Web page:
Sha'ar HaAmakim in 2008
|Grid position||160/236 PAL|
|Council||Zevulun Regional Council|
|Founded by||Romanian and Yugoslavian immigrants|
Sha'ar HaAmakim (Hebrew: שַׁעַר הַעֲמָקִים, lit. Gate of the Valleys) is a kibbutz in northern Israel associated with the Hashomer Hatzair movement founded in 1935. Located near Kiryat Tiv'on, it falls under the jurisdiction of Zevulun Regional Council. In 2015 it had a population of 687.
In 1283, during the hudna ("truce") between the Crusaders based in Acre and the Mamluk sultan al-Mansur Qalawun, this location was named el Harathiyah and was described as part of the domain of the Crusaders.
During the Ottoman era, a Muslim village at the site was called el Hâritheh. The village appeared as El Harti on the map of Pierre Jacotin compiled in 1799. In 1859, the population was recorded as 120 with tillable land of 12 feddans. In 1875, Victor Guérin reported about 40 houses. In 1882, the Palestine Exploration Fund's Survey of Western Palestine described it as an adobe hamlet.
A population list from about 1887 showed that Harithiyeh had about 120 inhabitants; all Muslims.
In 1925 a Zionist organisation purchased 50 feddans in Hartieh from the Sursock family of Beirut. At the time, there were 60 families living there. From 1931, and lasting several years, the Jewish Agency struggled to evict the Arab tenant farmers from Hartiya. According to Avneri, Hartiya land was to become Sha'ar HaAmakim. According to the Department of Statistics, however, Sha'ar HaAmakim had previously been part of Sheikh Bureik.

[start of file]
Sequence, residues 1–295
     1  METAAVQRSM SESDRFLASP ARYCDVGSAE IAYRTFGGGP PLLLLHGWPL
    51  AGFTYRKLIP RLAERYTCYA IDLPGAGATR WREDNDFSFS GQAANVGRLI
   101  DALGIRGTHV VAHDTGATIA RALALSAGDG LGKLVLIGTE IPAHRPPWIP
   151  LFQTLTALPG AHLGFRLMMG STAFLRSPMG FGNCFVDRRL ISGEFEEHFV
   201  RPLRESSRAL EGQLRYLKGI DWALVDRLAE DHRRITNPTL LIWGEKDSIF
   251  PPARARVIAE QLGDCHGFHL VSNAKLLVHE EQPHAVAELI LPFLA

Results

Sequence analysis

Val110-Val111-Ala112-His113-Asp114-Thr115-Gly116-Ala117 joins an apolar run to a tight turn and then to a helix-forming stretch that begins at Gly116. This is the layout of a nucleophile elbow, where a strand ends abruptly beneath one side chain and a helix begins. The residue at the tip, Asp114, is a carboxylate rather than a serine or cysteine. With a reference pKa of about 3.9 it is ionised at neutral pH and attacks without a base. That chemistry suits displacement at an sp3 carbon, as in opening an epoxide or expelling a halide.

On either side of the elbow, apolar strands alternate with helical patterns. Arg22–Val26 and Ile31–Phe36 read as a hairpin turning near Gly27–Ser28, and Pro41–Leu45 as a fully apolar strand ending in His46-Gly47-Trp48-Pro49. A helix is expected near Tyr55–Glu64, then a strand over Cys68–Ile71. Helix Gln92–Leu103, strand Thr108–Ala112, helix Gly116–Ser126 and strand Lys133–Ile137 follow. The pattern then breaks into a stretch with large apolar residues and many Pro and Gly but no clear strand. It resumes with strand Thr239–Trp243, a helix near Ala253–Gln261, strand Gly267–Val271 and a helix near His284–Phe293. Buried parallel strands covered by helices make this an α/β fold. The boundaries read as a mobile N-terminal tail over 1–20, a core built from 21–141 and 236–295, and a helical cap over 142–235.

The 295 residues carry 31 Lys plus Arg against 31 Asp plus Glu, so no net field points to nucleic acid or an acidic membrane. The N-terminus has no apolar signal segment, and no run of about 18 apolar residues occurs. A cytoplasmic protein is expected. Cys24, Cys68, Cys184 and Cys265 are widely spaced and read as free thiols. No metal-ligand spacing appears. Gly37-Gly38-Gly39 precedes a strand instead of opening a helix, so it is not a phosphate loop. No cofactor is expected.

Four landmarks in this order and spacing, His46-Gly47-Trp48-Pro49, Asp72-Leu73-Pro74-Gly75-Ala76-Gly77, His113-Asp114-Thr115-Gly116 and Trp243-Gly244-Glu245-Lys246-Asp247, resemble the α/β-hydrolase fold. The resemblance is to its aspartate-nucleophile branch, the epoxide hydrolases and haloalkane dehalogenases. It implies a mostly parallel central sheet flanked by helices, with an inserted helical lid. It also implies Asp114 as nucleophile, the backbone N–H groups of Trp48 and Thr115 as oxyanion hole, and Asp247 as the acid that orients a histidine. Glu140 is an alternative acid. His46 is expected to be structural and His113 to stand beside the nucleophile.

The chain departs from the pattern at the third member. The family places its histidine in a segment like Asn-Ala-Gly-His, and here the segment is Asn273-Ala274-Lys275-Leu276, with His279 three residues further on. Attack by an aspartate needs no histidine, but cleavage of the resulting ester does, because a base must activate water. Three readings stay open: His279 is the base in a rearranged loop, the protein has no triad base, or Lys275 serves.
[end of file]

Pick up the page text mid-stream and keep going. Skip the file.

Kibbutz Sha'ar HaAmakim was founded in 1935 by immigrants from Romania and Yugoslavia. Its name was derived from the nearby confluence of the Jezreel and Zevulun valleys. By 1945 it had a population of 360, all Jews.
Sha'ar HaAmakim hosted volunteers from around the world, including France and the United States, who worked at the kibbutz and participated in cultural exchanges. In the 1960s, there were up to 100 volunteers each year. Bernie Sanders, who later became a U.S. Senator, worked at the kibbutz for several months in 1963.
According to a 2016 report, the kibbutz derives most of its income from its solar water heater factory. It also makes money from agriculture, including dairy farming. For over five decades, the kibbutz has produced and processed sunflower seeds which it markets under its name both in Israel and for export. It also has a fish pond and orchards producing apples, peaches, and pears.
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